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Thread: USS John S McCain Collision

  1. #16
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    Quote Originally Posted by blidgepump
    Just what qualifies as a "collision in USN slang".... NPR radio quoted 4 collisions this year in the Pacific?
    I believe the 4th "collision" would be USS Antietam, that ran aground in Tokyo Bay back in January.

  2. #17
    Military Professional JCT's Avatar
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    Quote Originally Posted by Pacfanweb View Post
    Maybe they are in the flooded compartments?
    Yes, they are most likely trapped in the flooded compartments or washed out to sea. Truly tragic. This happened in the early morning and many of them would have been asleep in their berths (again....) Heck of a thing if you do not see a merchie soon enough to sound the collision alarm and wake everyone up, giving them half a chance. It sounds like they released at least a partial reason behind the FITZ collision, much like everyone speculated, loss of situational awareness, lack of communication, and a breakdown in leadership. Unfortunately probably the same story here.

  3. #18
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    At least they were hit portside which will probably not release the Captain or OOD from responsibility. Unfortunately this wasn't a sanctioned sailboat race which usually provides the starboard-side vessel the "right of way".

    RIP to all the sailors that are lost at sea and condolences to their families.
    Real eyes realize real lies.

  4. #19
    Senior Contributor blidgepump's Avatar
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    Seamanship and rules of the sea...

    [QUOTE=PeeCoffee;1029323]At least they were hit portside which will probably not release the Captain or OOD from responsibility. Unfortunately this wasn't a sanctioned sailboat race which usually provides the starboard-side vessel the "right of way".


    Situational awareness?

    The International Regulations for Preventing Collisions at Sea 1972 (COLREGs) are published by the International Maritime Organization (IMO) and set out, among other things, as the "rules of the road" to be followed by ships and other vessels at sea to prevent collisions between two or more vessels.

    Unless there is an "emergency brake" the 100% safe answer is to get out of the way.
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    Fun fact: my dad was in our cod fishing fleet, back in the 1950s, and he says that they'd used to have multiple trawlers sailing 40-50 meters away from each other, often in fog, using nothing but shots and eyeball mk1. Never a single colision...

  6. #21
    Senior Contributor SteveDaPirate's Avatar
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    I averaged 3 hours of sleep a night on my DDG and CG. Sometimes I'd go days, 48-36 hours, depending on scheduling, before I could catch more than a 90 minute nap over lunch in my shop.

    Quarters is at 07. Work goes until 1700, give or take until 2000 if there's a big project going on.

    Watch was port and starboard, so, 0600-1200, and then six hours off, and then 1800-2400. After three months we got someone qualified and we jumped to three section, which was worse: five hours of watch followed by ten hours off, followed by five hours of watch. Keep in mind that work, PT, your current qualifications, and meals must all fit into this schedule.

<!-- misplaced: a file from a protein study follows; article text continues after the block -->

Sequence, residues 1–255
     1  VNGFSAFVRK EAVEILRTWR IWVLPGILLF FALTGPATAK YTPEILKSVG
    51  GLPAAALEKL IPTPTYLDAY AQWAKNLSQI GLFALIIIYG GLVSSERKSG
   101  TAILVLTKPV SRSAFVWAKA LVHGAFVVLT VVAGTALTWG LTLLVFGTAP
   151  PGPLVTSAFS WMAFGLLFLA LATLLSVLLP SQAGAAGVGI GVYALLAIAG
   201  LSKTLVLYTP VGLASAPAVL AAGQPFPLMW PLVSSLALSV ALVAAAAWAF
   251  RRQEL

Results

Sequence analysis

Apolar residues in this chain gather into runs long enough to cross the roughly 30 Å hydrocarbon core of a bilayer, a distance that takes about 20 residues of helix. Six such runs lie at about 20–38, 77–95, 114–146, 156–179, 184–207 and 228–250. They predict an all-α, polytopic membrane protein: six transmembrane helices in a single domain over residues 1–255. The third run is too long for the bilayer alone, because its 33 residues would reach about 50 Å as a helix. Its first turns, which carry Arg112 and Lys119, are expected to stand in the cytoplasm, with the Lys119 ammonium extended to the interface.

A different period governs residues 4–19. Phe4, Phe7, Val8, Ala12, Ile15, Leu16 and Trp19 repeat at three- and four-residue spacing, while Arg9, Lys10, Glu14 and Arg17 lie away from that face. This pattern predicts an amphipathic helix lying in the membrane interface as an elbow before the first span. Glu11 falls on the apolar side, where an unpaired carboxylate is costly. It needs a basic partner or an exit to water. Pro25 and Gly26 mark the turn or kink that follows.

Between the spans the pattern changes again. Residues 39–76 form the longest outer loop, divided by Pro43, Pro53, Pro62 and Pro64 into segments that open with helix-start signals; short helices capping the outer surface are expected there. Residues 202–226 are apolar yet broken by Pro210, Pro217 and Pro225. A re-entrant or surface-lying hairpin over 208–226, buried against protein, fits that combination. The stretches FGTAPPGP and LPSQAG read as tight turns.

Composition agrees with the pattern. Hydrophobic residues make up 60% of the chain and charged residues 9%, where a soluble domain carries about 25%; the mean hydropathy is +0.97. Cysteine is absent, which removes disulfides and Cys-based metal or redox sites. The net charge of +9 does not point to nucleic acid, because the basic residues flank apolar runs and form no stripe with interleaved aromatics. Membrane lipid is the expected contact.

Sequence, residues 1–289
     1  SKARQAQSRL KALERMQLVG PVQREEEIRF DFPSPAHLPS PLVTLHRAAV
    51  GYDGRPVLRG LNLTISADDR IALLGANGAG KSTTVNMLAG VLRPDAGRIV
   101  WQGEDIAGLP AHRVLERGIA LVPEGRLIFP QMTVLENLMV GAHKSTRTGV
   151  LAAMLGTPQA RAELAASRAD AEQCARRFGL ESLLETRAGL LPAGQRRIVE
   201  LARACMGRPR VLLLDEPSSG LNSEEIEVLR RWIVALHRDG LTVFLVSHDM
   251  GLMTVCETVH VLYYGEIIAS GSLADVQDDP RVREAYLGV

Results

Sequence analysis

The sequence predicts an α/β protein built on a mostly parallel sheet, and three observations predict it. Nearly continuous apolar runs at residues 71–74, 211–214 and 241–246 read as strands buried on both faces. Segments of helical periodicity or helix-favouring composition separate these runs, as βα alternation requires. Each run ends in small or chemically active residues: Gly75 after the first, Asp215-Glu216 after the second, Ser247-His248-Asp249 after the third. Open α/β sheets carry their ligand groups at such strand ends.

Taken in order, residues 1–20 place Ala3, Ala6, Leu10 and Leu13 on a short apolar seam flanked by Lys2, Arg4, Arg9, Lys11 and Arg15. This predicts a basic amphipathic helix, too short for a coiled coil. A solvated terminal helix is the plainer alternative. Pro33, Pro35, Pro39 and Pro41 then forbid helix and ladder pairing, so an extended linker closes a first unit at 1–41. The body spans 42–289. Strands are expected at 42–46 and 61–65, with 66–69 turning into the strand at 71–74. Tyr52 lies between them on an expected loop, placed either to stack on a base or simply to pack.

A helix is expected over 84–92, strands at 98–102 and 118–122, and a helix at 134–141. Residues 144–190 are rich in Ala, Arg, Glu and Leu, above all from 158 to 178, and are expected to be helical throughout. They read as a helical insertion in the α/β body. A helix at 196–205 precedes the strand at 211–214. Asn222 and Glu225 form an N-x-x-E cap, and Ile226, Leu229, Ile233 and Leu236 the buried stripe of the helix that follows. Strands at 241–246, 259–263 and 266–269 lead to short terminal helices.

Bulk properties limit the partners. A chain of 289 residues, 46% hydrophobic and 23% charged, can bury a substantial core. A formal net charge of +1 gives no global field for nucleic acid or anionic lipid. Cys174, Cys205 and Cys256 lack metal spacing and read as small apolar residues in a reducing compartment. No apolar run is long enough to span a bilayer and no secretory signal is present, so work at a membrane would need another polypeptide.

Then, I was on flight quarters. We pretty much ran helo ops from 2000-04, maybe 0500 every night.

    Break this down for you, this is what my day looked like.

    0600-1200, watch.
    12-1230, lunch
    1230-1600 work.
    1600-1800, dinner/quals/gym.
    1800-0000, watch. If we were at flight quarters, I'd get relieved by another watchstander and I'd go man up the flight deck.

    Flight quarters would go until 0400. I'd be lucky to catch two hours of sleep before assuming the watch again at 0600. I often showered and would nap in my shop.

    If we were in five-and-dimes, my day would look like this:

    0600--Breakfast. Which I wouldn't get up for, because that's an extra hour of sleep.
    0700--quarters, work until 0800 when I would assume the watch.
    0800-1200, watch.
    1200-1230, lunch.
    1230-1600, work.
    1600-1800, dinner/gym/quals/personal time to decompress.

    IF we we had a huge project, I'd be back at work from 1800-2000.

    Flight quarters would man up....give or take their schedule was usually at 2000, sometimes earlier, sometimes later.
    Watch again at 2200-0300. Again, if at flight quarters, someone else had to fill that in. If not, I'd get to go back to sleep until the next day.
    Same schedule, but this time my next watch would be 12-17 and 02-08.

    (watch blocks on five and dime look like 07-12, 12-17, 17-22, 22-02, 02-07.....watch for five, off for ten hours. Repeat. It's awful. Even if you don't have flight quarters and you get broken sleep with that rotating schedule, what ends up happening is you have a sleep deficiency of hours, it eventually adds up to you being so tired that you're hallucinating. NPC did a sleep study and found that after a week on a rotating watch schedule you basically are operating as if you'd been two beers (or more) deep. Here's the solution the Navy developed, but nobody wants to implement, in order to fix this problem: https://my.nps.edu/web/crewendurance/index